Sure, you could fast for days before Thanksgiving in preparation for your massive food intake. We all know the calories you consume on Turkey Day will be enough to last you for weeks. But why not skip the days of hunger (and the days of bloat) and opt to make some healthy Thanksgiving treats that won’t leave you feeling like one of the balloons at the Macy’s Thanksgiving Day Parade.
We’ve cooked up a list of some of the yummiest-sounding Thanksgiving recipes that are better for your body but aren’t just raw carrots and celery. It’s possible to eat healthy and hearty on Thanksgiving — we swear! Let’s dive into the list so you can chew on these recipes while planning your Thanksgiving Day menu.
Not only is this side-dish from Cookie and Kate easy on the eyes, it’s good for you and simple to make yourself. There are really only three steps to making this dish — cooking the farro, roasting the carrots, and toasting the pepitas. Then it’s all about that crème fraîche finish to really wow your friends. You can also make the dish gluten free by substituting the farro for wild or brown rice, or make the dish vegan by swapping out the crème fraîche with a lemon tahini sauce, which Cookie and Kate also describes how to make.
Lauren from Hot for Food teaches us how to create the perfect vegan Thanksgiving roast that is a great alternative to the classic bird. Within a golden flaky puff pastry crust, you have your sweet potato mash, mushroom lentil stew, and a sweet apple cranberry sauce to top off the whole shebang. It’s all the goodies Thanksgiving offers layered into one, meatless treat.
Stuffing is our Thanksgiving weakness. We could seriously eat an entire plateful of the stuff. There’s really no such thing as a completely “healthy” stuffing due to the fact that most traditional stuffings are made out of bread. But this recipe from Adrianna at A Cozy Kitchen combines bread, pancetta, sage, celery, leeks, and low-sodium chicken stock in tiny muffin tins, to make perfect portions of a to-die-for stuffing.
Whipped up by Jenni from The Urban Poser blog, this pumpkin and crab chowder would make an excellent appetizer to get your guests in the eating mood this Thanksgiving. This savory and dairy-free soup combines pumpkin (or butternut squash), mushrooms, asparagus, crab meat, and coconut milk, to achieve a rich flavor that may distract your guests from the main attraction — the turkey!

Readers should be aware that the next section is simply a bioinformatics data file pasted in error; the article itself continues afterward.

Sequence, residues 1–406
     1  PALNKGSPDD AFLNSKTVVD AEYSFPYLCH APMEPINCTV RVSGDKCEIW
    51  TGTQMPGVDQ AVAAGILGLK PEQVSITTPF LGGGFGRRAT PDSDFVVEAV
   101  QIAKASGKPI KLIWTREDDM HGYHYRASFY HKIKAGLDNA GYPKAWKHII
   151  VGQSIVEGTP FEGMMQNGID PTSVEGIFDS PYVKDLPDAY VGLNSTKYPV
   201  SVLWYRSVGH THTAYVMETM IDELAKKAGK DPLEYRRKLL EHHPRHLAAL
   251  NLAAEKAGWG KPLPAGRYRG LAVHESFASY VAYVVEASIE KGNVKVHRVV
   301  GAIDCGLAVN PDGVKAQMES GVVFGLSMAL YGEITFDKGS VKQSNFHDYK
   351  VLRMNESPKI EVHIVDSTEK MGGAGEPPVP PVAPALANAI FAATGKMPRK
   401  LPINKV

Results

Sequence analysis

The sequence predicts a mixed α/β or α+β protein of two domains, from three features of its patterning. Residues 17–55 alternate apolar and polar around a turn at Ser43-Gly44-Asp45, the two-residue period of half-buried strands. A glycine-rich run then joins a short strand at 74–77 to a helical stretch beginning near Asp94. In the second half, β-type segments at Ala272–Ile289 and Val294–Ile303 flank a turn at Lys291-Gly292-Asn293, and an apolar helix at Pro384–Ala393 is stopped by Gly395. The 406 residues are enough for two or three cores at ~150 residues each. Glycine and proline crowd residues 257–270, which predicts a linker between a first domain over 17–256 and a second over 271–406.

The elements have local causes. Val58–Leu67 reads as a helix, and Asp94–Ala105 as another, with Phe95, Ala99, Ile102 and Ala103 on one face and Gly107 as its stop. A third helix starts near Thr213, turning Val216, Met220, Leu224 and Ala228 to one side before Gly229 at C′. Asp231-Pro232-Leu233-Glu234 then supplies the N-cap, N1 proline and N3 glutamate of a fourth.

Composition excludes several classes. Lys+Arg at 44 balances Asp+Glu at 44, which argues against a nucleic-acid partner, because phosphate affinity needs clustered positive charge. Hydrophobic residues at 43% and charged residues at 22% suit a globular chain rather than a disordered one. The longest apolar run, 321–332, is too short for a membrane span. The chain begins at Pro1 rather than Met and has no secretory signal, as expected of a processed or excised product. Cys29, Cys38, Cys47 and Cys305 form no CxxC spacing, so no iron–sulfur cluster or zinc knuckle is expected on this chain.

Green bean casserole is one of those funky Thanksgiving dishes that you either love or you hate. But even if you feel the latter, this recipe might convert you. It’s a new take on the old classic by Cookie and Kate and involves a lot less canned goods and more fresh ingredients, making this dish a much better eat for you in the long run. And forget about the fried onions. Kate uses crushed up kettle-cooked potato chips to keep the crunch but lose some of the fat.
We know, we know — bacon isn’t the healthiest thing you could be eating alongside your turkey and mashed potatoes. But when the majority of the dish is Brussel sprouts, we’re giving bacon the “okay” to make an appearance. Cassie from Wholefully tosses her halved sprouts with bacon to offset their sweetness and apples to complement it. She also douses them with a bit of maple syrup and a dash of balsamic vinegar to even out the flavors and really coat each sprout with salty and sweet.
Serve this pot pie alongside your Thanksgiving day turkey, or wait and make it from leftovers. Heidi from FoodieCrush makes her pie crust from scratch, ensuring the ingredients are healthy and the crust turns out flaky. She then mixes her fresh veggies with leftover turkey in a curry powder cream sauce — which yes, we admit isn’t that healthy. But when served in small ramekins, you’ll be able to justify the cream sauce — and perhaps justify that second helping as well!
This treat is the creation of Jeanine from the Love & Lemons food blog. She concocted a dairy-free, vegetarian, and healthy alternative to the classic pumpkin pie that’s just as delicious. Combining cubed Challah bread, pumpkin puree, coconut milk and almond milk, Jeanine came up with an ooey-gooey fall treat that will leave your Thanksgiving guests feeling lighter yet warm and toasty.
9Roasted Acorn Squash and Gorgonzola Pizza
Acorn squash often joins the party on the Thanksgiving table and is usually served with cinnamon and butter. But Deb from Smitten Kitchen offers up a new way to serve acorn squash that adds some Italian flair to the equation. Pairing the acorn squash with gorgonzola cheese and arugula on a crispy pizza crust makes for an interesting and fresh alternative to the classic serving of acorn squash we’re all bored of seeing.
After a long day of working away in the kitchen, you’re going to need to hunker down with some of that pumpkin pudding and Gimme Some Oven’s Mulled White Wine. Served warm with a sharp citrus garnish, this spiced wine recipe makes for a comforting nightcap. This beverage can also be made with red wine, but if you’re looking to keep things on the lighter side, stick to a white, dry variety.
While you’re planning your healthy Thanksgiving meal, we hope you keep these recipes in mind. They’re low calorie, easy to make, and will surely pack your meal full of flavor. And if you plan on making all of the above, save us a seat at your table. We’re coming over!